After an hour of downtime, it was time to get ready for the Gold Jacket Ceremony Dinner.
As I wheeled dad into the room, we saw Dave Robinson, his son Dave Robinson Jr. and Junior’s daughter Michelle.
A few minutes later, Suzanne Jordan, daughter of Hall of Famer Henry Jordan, joined us for dinner.
The Jordan’s lived across the street from us in Green Bay as we were growing up.
Then ESPN’s Chris Berman came into the room and sat down to join us.
Then Toni Adderley, daughter of Herb Adderley, stopped by to say hi and pose for a group picture.
After dinner was finished, we got pics with “Mean” Joe Green and Howie Long.
Backstage at the Gold Jacket Ceremony
Our next stop was the waiting room backstage at the Gold Jacket Ceremony at the Canton Civic Center.
Gobsmacked, I toured the room shooting a little video on my phone of this gaggle of greatness.
Steve Young stopped by for a picture, then it was time to wheel dad into his spot in the Gold Jacket Gauntlet.
After each returning Hall of Famer was announced, Rich Eisen introduced the new class.
I was standing right next to LeRoy when he came into the arena.
As soon as the new class was introduced, the Gold Jacket Gauntlet disbursed, and I went to get dad.
John Randle put a forearm in my chest as he thought I was just an over-exuberant fan (which I am!), but when I quickly told him I was getting my dad he apologized and let me through.
Now we headed back to the hotel and to the post ceremony party.
I spied Bill Cowher and asked him to come over and say hello to my dad.
After that it was Jerry Rice, Steve Hutchinson and then Jim Kelley.
After joining Franco Harris’ conga line around the room, it was time to head back to our room. Wow, what a day!
Saturday morning dad and I shared a ride with Steve Young to the Tom Benson Hall of Fame Stadium for the enshrinement ceremonies.
As we waited in the Green Room, New England Patriots owner Robert Kraft stopped to visit and his son, Jonathan, mentioned that his dad had bought dad’s book Instant Reply for him when he was a kid and he had enjoyed it immensely and still had it.
I then wheeled dad onto the stage and ducked back into the green room for some air conditioning and refreshments.
Soon more guys were coming from onstage and grabbing some food or something to drink.
There’s Mel Blount in his cowboy hat.
There’s Michael Irvin telling a story about Darrell Green.
I fixed dad a brat and some chips and brought it out to him.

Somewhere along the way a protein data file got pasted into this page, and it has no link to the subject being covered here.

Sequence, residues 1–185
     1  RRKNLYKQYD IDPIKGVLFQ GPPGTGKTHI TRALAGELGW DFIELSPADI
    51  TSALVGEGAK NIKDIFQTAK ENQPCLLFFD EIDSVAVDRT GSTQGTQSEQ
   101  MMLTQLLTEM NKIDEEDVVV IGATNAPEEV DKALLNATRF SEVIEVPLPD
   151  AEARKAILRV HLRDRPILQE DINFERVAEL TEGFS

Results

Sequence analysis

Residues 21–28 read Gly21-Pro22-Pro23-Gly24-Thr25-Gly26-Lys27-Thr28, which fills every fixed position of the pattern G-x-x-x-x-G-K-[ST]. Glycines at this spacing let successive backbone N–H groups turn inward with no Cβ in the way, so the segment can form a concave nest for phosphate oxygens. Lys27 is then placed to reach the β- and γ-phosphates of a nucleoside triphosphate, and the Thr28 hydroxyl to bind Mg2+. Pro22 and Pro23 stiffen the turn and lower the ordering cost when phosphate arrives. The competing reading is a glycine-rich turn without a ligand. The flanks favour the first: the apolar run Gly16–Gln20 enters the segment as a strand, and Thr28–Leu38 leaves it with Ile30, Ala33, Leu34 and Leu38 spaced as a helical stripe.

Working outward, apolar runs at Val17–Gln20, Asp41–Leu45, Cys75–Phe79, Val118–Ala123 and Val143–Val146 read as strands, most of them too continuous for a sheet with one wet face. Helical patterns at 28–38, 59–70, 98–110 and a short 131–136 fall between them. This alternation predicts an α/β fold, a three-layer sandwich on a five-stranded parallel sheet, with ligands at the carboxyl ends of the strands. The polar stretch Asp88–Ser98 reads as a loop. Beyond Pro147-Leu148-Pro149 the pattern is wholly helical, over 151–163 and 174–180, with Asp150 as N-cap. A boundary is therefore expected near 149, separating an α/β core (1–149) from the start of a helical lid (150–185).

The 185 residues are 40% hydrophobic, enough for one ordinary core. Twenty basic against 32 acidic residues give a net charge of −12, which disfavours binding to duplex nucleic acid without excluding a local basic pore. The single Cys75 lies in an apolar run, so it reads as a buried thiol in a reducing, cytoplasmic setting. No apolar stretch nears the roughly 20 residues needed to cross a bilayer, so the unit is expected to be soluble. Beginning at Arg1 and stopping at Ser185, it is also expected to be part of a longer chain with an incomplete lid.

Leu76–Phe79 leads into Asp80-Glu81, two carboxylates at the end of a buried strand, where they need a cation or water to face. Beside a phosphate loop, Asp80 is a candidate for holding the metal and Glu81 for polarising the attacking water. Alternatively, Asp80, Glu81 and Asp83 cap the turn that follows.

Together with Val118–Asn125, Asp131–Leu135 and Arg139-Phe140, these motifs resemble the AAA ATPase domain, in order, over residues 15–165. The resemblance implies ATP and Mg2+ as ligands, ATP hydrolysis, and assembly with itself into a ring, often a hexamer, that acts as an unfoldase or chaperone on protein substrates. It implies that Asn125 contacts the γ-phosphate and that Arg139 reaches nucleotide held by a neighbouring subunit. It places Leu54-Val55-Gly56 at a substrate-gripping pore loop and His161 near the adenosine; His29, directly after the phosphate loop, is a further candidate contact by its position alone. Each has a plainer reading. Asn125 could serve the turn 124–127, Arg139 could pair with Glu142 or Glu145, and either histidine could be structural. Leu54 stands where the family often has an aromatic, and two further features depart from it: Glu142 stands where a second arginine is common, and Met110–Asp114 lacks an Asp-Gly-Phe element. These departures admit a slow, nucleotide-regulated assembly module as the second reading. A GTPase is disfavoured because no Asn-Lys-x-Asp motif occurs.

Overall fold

It was really starting to get uncomfortably hot on stage.
No wonder the Hall of Famers were not wearing their Gold Jackets.
Thankfully most of the speeches were short, except for Dick Vermeil’s, during which I was given the green light to go onstage and hand dad an ice-soaked towel.
He winced and asked me if our escape route was ready (in case you didn’t know, my dad is funny)!
It took about 10 minutes to find our escape guide, and then we made our way out of the stadium and to the transportation area where we caught a ride back to the hotel.
National Child ID Man of the Year
We had about an hour of downtime and then we were off to the National Child ID Jerry Kramer Man of the Year Award Banquet.
Currently there are 38 states that participate in this program, and there were attorneys general from many of those states at the banquet.
Did you know that a child goes missing in the U.S. every 40 seconds?
This is an effort to combat that problem, and I’m proud of my dad for leading the charge.
Dad has worked with Green Bay Packers President Mark Murphy and Wisconsin Governor Tony Evers on the project, and consequently, every child in Wisconsin has an ID kit.
Butler’s enshrinement party
The final stop of the weekend was LeRoy Butler’s enshrinement party hosted by the Green Bay Packers at the exact same place where they hosted dad’s enshrinement party in 2018.
It was great to see Dave Robinson, Antonio Freeman, Santana Dotson, Gilbert Brown, James Lofton, Andre Rison, Charles Woodson and Ed Reed show up to support LeRoy.
After a few hours and lots of photos, it was time to pack it in.
Dad and Dave Robinson clinked their glasses, looked each other in the eye and said, “I hope to see you again.”
Wow, what a poignant moment.
And what an amazing trip.
Thanks dad, I love you.
Daniel Kramer’s photographs have appeared in newspapers and magazines worldwide for the past 30 years, and his work is in the permanent collection of numerous museums. In 2016, he published Return To Glory, a coffee-table photography book of the 1995-96 Green Bay Packers’ Super Bowl winning season.